Black hole image a scientific breakthrough

Earlier this month, the first real image of a black hole was confirmed, and has sparked conversation among scientists and researchers all over the world.

By Adelle Engmann

Science experts have confirmed the existence of a phenomenon once said to be fictional. Earlier this month, the first real image of a black hole was confirmed, and has sparked conversation among scientists and researchers all over the world.

The image, captured by researchers at Harvard University’s Event Horizon Telescope, is said to be 55 million light years from Earth with a mass 6.5 billion times more than the sun. The discovery is considered a breakthrough as no confirming image of a black hole previously existed.

It took a decade of work by astronomers and scientists to capture the black hole image. Telescopes were connected all over the world, and the data from six of them – located in Antarctica, Chile, Mexico, Hawaii, Arizona, and Spain – is what was used to formulate the picture.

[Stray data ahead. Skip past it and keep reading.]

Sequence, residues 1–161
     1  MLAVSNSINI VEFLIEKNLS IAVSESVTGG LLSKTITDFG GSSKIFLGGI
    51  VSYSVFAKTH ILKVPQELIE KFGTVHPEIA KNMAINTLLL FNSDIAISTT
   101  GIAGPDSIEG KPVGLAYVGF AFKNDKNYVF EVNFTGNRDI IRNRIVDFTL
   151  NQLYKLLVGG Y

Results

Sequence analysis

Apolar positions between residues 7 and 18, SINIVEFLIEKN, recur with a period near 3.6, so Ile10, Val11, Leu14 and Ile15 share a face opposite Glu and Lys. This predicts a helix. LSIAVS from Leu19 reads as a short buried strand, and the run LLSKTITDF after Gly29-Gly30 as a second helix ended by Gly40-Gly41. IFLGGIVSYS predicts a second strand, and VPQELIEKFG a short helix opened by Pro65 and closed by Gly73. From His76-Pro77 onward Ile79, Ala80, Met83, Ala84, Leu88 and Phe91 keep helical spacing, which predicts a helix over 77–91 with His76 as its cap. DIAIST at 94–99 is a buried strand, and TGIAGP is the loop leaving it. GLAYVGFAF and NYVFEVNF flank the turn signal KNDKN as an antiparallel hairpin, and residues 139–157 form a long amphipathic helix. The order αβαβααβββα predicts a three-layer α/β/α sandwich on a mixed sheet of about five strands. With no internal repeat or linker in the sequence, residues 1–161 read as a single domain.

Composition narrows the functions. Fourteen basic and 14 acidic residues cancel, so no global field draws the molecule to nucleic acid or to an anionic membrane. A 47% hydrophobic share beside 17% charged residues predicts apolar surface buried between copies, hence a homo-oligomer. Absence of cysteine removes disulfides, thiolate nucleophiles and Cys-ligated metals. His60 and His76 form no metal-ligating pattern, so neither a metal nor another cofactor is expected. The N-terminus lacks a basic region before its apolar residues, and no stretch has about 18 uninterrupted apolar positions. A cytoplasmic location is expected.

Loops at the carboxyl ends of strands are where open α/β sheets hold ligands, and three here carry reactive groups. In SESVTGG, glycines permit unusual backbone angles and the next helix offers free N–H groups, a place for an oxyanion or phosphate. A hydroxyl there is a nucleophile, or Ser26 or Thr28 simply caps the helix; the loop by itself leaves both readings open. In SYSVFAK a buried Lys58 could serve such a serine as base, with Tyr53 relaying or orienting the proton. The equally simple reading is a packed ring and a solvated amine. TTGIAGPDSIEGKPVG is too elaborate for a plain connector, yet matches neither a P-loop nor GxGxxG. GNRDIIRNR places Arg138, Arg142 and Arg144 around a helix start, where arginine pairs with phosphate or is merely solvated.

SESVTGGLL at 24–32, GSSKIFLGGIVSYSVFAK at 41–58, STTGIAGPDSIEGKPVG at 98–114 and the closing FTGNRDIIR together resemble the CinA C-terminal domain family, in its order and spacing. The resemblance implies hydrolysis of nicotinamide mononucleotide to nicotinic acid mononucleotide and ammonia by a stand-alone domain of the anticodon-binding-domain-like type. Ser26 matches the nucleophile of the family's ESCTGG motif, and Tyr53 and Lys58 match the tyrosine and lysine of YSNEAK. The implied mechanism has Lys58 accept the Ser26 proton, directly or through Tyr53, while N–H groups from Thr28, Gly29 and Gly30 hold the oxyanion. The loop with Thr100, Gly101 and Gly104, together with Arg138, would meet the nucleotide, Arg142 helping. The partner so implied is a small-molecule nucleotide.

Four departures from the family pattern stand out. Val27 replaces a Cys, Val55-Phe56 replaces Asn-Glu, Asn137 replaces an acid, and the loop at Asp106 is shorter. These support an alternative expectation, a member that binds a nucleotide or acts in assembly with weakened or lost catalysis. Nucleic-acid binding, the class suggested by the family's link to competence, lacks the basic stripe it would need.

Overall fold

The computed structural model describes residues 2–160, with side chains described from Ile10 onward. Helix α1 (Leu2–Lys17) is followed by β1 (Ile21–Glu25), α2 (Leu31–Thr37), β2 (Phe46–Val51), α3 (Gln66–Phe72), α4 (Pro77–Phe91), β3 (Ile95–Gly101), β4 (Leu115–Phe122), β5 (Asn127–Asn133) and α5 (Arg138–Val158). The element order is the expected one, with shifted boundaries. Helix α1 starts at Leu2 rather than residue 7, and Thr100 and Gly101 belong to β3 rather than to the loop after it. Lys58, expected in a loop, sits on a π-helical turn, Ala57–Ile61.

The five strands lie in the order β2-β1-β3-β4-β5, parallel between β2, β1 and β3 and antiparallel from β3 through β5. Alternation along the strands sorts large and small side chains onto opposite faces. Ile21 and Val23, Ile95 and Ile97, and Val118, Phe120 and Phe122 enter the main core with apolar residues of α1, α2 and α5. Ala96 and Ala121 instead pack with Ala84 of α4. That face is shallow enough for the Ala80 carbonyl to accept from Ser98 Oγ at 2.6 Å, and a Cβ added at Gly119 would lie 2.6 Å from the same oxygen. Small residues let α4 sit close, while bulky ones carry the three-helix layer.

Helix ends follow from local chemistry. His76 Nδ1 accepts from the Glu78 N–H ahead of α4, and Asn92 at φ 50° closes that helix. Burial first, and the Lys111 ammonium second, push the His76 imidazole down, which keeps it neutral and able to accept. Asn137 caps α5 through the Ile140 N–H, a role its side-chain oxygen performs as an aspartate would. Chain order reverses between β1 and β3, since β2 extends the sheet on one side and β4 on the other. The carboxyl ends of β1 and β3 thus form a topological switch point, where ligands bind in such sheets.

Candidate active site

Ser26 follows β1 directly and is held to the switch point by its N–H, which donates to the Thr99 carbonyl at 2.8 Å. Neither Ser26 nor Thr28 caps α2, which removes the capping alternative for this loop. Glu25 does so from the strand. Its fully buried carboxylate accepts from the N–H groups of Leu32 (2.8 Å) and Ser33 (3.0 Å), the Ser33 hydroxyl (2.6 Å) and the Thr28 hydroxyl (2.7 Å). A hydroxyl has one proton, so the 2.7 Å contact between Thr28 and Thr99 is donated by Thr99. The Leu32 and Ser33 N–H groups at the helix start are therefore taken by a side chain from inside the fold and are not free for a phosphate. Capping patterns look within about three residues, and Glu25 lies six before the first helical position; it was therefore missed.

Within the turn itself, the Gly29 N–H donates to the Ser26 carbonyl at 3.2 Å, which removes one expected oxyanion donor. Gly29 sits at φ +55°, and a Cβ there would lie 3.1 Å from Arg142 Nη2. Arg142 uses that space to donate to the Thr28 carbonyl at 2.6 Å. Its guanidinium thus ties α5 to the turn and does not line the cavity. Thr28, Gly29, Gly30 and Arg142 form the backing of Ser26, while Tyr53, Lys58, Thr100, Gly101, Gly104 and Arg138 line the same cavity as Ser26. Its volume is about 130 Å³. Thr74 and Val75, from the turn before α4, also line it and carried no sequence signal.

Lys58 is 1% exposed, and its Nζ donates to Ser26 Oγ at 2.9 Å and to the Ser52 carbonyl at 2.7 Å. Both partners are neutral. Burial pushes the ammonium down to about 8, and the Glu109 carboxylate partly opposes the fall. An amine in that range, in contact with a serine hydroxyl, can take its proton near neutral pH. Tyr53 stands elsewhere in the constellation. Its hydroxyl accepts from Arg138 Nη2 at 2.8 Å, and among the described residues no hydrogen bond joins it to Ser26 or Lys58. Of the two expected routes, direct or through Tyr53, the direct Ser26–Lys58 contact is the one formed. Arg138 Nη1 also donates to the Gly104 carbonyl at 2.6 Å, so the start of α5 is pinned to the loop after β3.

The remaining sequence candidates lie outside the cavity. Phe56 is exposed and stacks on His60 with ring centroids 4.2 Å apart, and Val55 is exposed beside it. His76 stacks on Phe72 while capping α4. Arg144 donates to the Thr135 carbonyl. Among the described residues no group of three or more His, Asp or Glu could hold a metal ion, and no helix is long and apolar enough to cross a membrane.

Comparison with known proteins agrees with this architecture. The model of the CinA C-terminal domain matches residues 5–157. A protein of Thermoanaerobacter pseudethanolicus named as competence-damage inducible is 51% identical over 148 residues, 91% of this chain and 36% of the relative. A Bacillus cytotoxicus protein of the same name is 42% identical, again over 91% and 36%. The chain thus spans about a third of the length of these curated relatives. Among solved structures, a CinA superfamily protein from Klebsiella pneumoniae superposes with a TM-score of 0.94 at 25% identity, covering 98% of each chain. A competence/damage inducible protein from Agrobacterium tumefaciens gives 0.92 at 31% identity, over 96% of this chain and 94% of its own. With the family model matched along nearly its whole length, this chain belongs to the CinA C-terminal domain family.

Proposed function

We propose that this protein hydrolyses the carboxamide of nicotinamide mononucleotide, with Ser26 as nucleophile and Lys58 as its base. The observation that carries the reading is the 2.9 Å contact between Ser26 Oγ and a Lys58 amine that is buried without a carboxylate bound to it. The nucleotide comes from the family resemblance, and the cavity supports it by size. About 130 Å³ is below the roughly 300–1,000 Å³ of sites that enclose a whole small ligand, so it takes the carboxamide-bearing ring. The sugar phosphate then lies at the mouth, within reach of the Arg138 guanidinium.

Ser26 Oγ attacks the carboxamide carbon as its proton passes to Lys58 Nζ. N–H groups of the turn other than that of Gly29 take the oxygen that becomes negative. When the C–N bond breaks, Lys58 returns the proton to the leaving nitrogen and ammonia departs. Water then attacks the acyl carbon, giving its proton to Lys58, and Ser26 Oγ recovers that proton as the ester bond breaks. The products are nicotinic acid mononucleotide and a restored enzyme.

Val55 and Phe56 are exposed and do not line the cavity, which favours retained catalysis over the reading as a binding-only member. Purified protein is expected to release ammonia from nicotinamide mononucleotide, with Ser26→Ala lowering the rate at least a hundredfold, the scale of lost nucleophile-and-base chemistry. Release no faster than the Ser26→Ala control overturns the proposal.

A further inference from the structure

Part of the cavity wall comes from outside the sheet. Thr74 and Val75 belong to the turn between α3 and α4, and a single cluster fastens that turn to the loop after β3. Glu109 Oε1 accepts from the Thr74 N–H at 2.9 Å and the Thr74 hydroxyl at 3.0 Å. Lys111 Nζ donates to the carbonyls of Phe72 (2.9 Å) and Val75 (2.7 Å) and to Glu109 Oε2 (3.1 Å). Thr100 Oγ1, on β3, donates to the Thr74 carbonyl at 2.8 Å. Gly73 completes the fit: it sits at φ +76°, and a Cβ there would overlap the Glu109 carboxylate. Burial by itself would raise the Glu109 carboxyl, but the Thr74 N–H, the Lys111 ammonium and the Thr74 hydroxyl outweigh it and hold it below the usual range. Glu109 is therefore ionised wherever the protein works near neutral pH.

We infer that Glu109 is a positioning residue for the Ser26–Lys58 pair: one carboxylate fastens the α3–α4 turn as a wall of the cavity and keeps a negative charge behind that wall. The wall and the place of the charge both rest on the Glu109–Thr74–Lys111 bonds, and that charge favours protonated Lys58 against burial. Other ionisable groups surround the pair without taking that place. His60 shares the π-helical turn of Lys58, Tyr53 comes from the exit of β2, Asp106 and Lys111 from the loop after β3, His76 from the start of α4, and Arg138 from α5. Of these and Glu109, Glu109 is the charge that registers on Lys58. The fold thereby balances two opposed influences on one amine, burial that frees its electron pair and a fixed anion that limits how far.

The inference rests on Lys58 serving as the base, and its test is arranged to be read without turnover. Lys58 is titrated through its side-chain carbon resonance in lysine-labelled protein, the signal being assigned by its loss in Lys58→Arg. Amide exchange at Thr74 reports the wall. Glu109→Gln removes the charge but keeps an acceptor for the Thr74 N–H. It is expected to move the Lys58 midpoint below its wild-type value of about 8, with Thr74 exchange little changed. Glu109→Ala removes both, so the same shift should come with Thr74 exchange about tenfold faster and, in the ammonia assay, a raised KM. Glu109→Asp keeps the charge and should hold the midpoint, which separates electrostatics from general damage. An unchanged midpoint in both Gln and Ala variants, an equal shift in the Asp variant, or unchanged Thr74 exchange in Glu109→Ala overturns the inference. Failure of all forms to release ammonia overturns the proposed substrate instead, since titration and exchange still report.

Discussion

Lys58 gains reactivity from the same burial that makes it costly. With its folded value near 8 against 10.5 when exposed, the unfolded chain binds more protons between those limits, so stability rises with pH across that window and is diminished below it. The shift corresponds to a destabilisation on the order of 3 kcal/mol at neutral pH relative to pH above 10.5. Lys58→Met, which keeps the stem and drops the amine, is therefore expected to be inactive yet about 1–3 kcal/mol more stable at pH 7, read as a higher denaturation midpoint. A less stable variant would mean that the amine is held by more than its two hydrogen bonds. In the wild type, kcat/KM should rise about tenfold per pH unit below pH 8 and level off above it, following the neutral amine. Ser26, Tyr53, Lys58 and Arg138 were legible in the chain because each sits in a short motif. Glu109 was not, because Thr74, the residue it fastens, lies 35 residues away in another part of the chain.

The image technically shows the horizon of the black hole, a place where, according to scientists working on the project, nothing can escape – not even light. What viewers see in the picture is actually like a 3D flashlight, where all of the gas and dust attracted to the black hole are illuminated.

EHT Director Shep Doeleman said this is just the beginning. With this image and information already known about black holes, researchers can continue to unravel some of the universe’s most intriguing mysteries.

Photo courtesy of Event Horizon Telescope collaboration et al.

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Black hole image a scientific breakthrough

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